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Status midterm notes.doc

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Charles Jones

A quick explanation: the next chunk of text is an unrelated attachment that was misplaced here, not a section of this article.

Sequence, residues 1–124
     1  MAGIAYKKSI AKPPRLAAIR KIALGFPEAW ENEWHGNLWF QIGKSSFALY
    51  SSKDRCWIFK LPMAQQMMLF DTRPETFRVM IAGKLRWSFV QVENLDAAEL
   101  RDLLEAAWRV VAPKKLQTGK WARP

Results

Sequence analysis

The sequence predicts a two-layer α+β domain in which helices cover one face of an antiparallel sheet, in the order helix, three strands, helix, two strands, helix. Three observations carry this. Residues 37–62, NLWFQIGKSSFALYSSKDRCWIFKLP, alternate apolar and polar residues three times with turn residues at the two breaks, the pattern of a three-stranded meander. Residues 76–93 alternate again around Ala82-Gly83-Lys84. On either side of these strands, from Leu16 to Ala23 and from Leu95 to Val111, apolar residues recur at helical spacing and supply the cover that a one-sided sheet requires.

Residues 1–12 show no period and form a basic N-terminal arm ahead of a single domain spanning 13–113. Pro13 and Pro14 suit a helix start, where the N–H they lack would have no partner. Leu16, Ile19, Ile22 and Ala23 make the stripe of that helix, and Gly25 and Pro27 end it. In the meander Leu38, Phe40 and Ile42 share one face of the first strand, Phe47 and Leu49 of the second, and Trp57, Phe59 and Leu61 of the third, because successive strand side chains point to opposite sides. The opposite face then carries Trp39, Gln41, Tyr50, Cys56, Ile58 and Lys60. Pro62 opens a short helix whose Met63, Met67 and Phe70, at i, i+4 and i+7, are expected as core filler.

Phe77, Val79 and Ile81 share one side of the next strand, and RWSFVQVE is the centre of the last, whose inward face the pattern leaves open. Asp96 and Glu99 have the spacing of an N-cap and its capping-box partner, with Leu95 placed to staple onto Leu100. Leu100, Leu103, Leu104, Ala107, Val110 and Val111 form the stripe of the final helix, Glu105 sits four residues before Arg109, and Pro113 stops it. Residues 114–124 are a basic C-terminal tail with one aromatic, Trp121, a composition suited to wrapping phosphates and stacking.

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Status midterm notes - Bedard, Kelly and Elizabeth Dhuey. "The Persistence of Early Childhood Maturity: International Evidence of Long-Run Age Effects o A continuum of ages exists at school entry due to the use of a single school cutoff date—making the “oldest” children approximately 20 percent older than the “youngest” children. We provide substantial evidence that these initial maturity differences have long-lasting effects on student performance across OECD countries. In particular, the youngest members of each cohort score 4-12 percentiles lower than the oldest members in grade four and 2-9 percentiles lower in grade eight. In fact, data from Canada and the United States show that the youngest members of each cohort are even less likely to attend university Ericsson, K. Anders; Krampe, Ralf Th.; Tesch-Romer,Clemens; "The Role of Deliberate Practice in the Acquisition of Expert Performance." o The theoretical framework presented in this article explains expert performance as the end result of individuals' prolonged efforts to improve performance while negotiating motivational and external constraints. In most domains of expertise, individuals begin in their childhood a regimen of effortful activities (deliberate practice) designed to optimize improvement. Individual differences, even among elite performers, are closely related to assessed amounts of deliberate practice. Many characteristics once believed to reflect innate talent are actually the result of intense practice extended for a minimum of 10 years. Analysis of expert performance provides unique evidence on the potential and limits of extreme environmental adaptation and learning. Boyd, Monica. "A Socioeconomic Scale for Canada: Measuring Occupational Status from the Census." The Canadian Review of Sociology 45.1 (2008):51-91. o In this paper, a new socioeconomic scale is produced from the occupational data collected in the Canadian 2001 census of population, using only the educational and earnings properties of specific occupational titles and following the Nam–Powers methodology. This scale ranks the occupational propositions held by individuals along a socioeconomic hierarchy that captures the level of living of those studied. In addition to producing a pure socioeconomic scale, another contribution of the research reported in this paper is the creation of educational and earnings scales specific to occupations. These education- or earnings- specific occupational scales can be used by researchers wishing to study intergenerational inheritance or gender inequality. occupations provide the institutional context within which individual human capital is exercised, accumulated, and rewarded. Nam, Charles B.; Boyd, Monica. "Occupational Status in 2000 -- Over a Census-Based Measurement." Population Research and Policy Review 23.4 (2004): o The Nam–Powers–Boyd Occupational Status Scale for the year 2000 is introduced here. It is the sixth in a decennial series of such scales that were initiated at the Census Bureau a half century earlier. The bureau's examination of occupational status actually goes back to the end of the 19th century and its thread continues today. The historical background of the 2000 scale, the methodology for constructing the scores, some comparisons with other occupational scales, the 2000 scores themselves, and applications of the 2000 scores are presented. Sociological inquiry 41.1 (1971):ian Occupational Structure". o Twelve of the novels of Charles Dickens provide a sample of 349 characters whose occupational achievement and mobility are investigated. The mobility patterns indicate more inheritance than in the United States. This cannot be accounted for by education, material inheritance, or morality (being a good or bad person). A model of quasi-perfect mobility, taking all diagonal frequencies as given, more closely represents the patterns. Determinants of achievement considered are social origins, number of siblings, education, marital status, morality. The characters from large families do better occupationally than those from small. Education functions primarily to redistribute success. The married are superior to the unmarried, with marriage functioning not as a selective mechanism, but exerting causal impact of its own. The evil are rewarded in this life. The basic path model of the stratification system of Dickens is similar to that of the United States. “When Money Dies: Brother, Can you Spare a Million Marks”. American Conservative article summarizing Adam Fergusson’s 1975 book about hyperinflation in 1923 Germany. o More than any other thread that links the two world wars, the history of the inflation is a reminder that the second was an extension of the first. Inflation for Ger- many was an unwitting part of the process of stoking the emotional boil- ers for a resumption of hostilities when the power to wage war returned. Not only did the loss of former affluence and the destruction of the old moral ethic humiliate the human pillars of society: in German minds democracy and republicanism had become so assoc
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